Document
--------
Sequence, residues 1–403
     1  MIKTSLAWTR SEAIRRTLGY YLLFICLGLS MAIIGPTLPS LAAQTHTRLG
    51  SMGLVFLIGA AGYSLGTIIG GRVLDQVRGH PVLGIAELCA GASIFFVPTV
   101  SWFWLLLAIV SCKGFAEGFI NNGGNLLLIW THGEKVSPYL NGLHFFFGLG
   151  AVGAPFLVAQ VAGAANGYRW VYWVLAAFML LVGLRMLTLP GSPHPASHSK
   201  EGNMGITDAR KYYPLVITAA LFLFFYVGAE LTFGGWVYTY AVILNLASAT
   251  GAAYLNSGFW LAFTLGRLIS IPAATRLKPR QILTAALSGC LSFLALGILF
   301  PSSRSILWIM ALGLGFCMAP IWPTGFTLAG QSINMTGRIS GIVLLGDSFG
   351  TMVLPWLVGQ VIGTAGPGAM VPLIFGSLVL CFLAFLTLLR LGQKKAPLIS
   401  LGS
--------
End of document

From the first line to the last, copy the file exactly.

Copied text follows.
Sequence, residues 1–403
     1  MIKTSLAWTR SEAIRRTLGY YLLFICLGLS MAIIGPTLPS LAAQTHTRLG
    51  SMGLVFLIGA AGYSLGTIIG GRVLDQVRGH PVLGIAELCA GASIFFVPTV
   101  SWFWLLLAIV SCKGFAEGFI NNGGNLLLIW THGEKVSPYL NGLHFFFGLG
   151  AVGAPFLVAQ VAGAANGYRW VYWVLAAFML LVGLRMLTLP GSPHPASHSK
   201  EGNMGITDAR KYYPLVITAA LFLFFYVGAE LTFGGWVYTY AVILNLASAT
   251  GAAYLNSGFW LAFTLGRLIS IPAATRLKPR QILTAALSGC LSFLALGILF
   301  PSSRSILWIM ALGLGFCMAP IWPTGFTLAG QSINMTGRIS GIVLLGDSFG
   351  TMVLPWLVGQ VIGTAGPGAM VPLIFGSLVL CFLAFLTLLR LGQKKAPLIS
   401  LGS